October 31st is just around the corner, but as Enacomm CEO Mike Boukadakis pointed out in a recent guest article for Biometric Update, this month ushered in “something scarier for ill-prepared merchants than anything Halloween has to offer.” The EuroPay, MasterCard, and Visa (EMV) payments liability shift occurred on October 21, 2015, and now “all retailers across America will be forced to take the financial fall when card criminals successfully launch attacks that could have been thwarted.”
New payment terminals that are able to verify chip-enabled credit cards will help fight fraud at the point of sale by stopping fraudsters with counterfeit credit cards in their tracks, but Boukadakis notes that this type of trickery is just a sliver of the larger financial fraud pie. From his op-ed:
Counterfeit credit cards only account for about 37 percent of credit card fraud, and card fraud itself is just a sliver of the larger financial fraud pie. Chip credit cards can still be stolen, and card not present transactions are rife with vulnerabilities. And beyond the card front, fraudsters breach online bank accounts and devilishly divert high-risk transactions. While chip technology will help foil the false reproduction of credit, debit and prepaid cards using stolen information, biometrics must be added to the financial industry’s arsenal to win the war.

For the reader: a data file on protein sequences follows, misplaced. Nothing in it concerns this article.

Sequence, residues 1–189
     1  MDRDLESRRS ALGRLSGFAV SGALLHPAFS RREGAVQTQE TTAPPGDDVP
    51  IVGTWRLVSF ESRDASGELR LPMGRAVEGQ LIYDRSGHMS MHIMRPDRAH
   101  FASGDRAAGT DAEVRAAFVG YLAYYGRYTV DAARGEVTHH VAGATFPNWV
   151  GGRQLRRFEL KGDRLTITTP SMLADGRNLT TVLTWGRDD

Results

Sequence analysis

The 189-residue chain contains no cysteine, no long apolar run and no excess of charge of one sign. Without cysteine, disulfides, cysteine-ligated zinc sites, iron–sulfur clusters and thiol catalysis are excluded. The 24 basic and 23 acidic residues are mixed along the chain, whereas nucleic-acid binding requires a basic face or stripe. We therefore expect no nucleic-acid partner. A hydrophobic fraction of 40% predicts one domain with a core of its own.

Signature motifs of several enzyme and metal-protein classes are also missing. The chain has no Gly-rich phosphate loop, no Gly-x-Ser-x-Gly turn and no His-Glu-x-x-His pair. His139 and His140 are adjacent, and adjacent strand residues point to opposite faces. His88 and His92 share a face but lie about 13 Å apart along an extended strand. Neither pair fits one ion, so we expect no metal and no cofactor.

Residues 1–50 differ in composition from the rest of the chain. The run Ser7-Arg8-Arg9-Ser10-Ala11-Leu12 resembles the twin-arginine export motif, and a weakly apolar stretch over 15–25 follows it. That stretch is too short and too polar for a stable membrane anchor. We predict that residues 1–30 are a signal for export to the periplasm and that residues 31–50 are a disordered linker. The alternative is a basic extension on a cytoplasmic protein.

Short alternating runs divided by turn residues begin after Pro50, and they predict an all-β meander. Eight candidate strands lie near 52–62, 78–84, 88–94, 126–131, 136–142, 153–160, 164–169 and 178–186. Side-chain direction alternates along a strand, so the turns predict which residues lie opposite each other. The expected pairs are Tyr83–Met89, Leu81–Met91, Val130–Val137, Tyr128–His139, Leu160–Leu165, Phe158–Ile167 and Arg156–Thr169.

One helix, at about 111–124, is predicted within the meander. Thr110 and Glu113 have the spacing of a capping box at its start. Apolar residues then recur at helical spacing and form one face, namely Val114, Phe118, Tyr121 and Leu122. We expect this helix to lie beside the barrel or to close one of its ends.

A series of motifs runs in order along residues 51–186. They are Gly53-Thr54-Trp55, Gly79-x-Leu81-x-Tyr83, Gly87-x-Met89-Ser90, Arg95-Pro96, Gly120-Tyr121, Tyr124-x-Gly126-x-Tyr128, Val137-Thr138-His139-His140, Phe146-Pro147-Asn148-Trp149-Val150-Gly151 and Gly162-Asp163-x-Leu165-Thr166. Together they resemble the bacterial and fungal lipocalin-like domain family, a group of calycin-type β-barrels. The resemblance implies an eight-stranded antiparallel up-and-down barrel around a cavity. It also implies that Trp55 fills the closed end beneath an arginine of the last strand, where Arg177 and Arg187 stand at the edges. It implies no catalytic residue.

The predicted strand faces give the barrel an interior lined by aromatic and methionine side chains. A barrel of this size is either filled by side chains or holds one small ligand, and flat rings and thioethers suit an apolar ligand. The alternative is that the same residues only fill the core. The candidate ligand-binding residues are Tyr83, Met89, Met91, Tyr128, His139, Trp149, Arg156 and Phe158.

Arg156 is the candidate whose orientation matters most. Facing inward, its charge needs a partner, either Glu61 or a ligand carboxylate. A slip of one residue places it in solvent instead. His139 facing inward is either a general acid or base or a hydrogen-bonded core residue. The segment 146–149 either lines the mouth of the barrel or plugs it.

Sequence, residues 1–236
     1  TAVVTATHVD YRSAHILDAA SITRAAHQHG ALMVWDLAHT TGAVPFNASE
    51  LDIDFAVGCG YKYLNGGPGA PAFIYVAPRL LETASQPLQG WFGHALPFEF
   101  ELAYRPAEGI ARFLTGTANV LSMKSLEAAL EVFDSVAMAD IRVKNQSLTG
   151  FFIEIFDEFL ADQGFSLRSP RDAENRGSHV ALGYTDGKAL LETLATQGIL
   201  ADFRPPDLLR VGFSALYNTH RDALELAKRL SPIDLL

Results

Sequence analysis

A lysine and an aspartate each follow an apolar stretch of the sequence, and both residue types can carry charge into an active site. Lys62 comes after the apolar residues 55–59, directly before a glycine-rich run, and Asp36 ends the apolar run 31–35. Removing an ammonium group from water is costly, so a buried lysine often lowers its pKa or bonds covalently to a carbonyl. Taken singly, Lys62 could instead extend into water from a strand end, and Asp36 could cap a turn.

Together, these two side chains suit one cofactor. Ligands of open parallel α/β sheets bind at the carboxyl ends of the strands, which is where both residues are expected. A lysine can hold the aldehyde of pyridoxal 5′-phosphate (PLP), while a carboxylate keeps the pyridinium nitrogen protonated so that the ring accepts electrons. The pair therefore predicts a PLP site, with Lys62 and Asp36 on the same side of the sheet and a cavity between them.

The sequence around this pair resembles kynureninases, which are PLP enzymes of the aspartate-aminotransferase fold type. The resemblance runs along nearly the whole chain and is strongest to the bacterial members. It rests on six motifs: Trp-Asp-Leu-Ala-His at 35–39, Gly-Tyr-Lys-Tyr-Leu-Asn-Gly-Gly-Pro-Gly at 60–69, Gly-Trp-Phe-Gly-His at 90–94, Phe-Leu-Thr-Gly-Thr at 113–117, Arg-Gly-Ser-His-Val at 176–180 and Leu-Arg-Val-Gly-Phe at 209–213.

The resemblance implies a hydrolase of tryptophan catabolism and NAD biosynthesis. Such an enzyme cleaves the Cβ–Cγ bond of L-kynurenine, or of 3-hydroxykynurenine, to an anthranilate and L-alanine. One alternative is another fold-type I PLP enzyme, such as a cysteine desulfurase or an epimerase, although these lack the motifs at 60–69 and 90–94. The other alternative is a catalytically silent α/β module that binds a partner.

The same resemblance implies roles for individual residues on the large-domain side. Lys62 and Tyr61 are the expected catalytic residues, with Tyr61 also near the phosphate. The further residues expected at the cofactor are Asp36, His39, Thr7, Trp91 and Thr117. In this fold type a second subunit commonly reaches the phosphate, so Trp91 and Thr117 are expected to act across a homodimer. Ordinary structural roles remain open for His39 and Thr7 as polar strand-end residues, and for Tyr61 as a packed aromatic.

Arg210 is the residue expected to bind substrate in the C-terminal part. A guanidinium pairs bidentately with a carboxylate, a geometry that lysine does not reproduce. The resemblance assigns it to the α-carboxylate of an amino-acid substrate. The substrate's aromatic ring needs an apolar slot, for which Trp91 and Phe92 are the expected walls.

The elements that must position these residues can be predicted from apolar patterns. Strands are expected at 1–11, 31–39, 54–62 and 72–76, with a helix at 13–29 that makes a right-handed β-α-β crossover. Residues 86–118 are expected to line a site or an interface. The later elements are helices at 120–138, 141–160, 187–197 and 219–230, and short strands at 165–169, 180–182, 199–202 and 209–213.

Biometrics technology, Boukadakis explains, is needed to win the war against financial fraud, and voiceprint recognition is a proven method of identification that is well-suited for multi-layered authentication systems. By conducting sophisticated analysis of hundreds of voice characteristics, a bank, credit union or prepaid company can accurately identify and authenticate a customer in real-time.
Voice authentication is Reliable with a capital R; it has a 99.99 percent success rate. From Boukadakis’ piece:
While PINs and other authentication data are codes that can be cracked, a person’s voice cannot be compromised or stolen. Tech-savvy crooks cannot reverse engineer a voiceprint to create a spoken voice, and even voice “replays” are of no concern, because next-generation technology can ask for words, numbers and phrases in random order. Stolen voiceprints and voice recordings are useless.
Whether faced with brute force attacks, credential sharing, hacking, Phishing, Vhishing, credential resets, Internet searches or social engineering, voice biometrics offers a stronger defense than traditional methods of identity verification—and, unlike a chip credit card, there’s nothing for the customer to lose.
Last year, annual fraud costs totaled $32 billion – a 38 percent jump from 2013 – according to a LexisNexis study, so “the nationwide shift to EMV should be welcomed with open arms,” says Boukadakis. But the war is far from over with attacks in the mobile and online spaces becoming more intense. To learn more about why banks, credit unions and prepaid companies should set their sights on voice biometrics as the next line of defense against financial fraud, read Boukadakis’ byline for Biometric Update, “Biometrics Needed to Win the War against Financial Fraud.”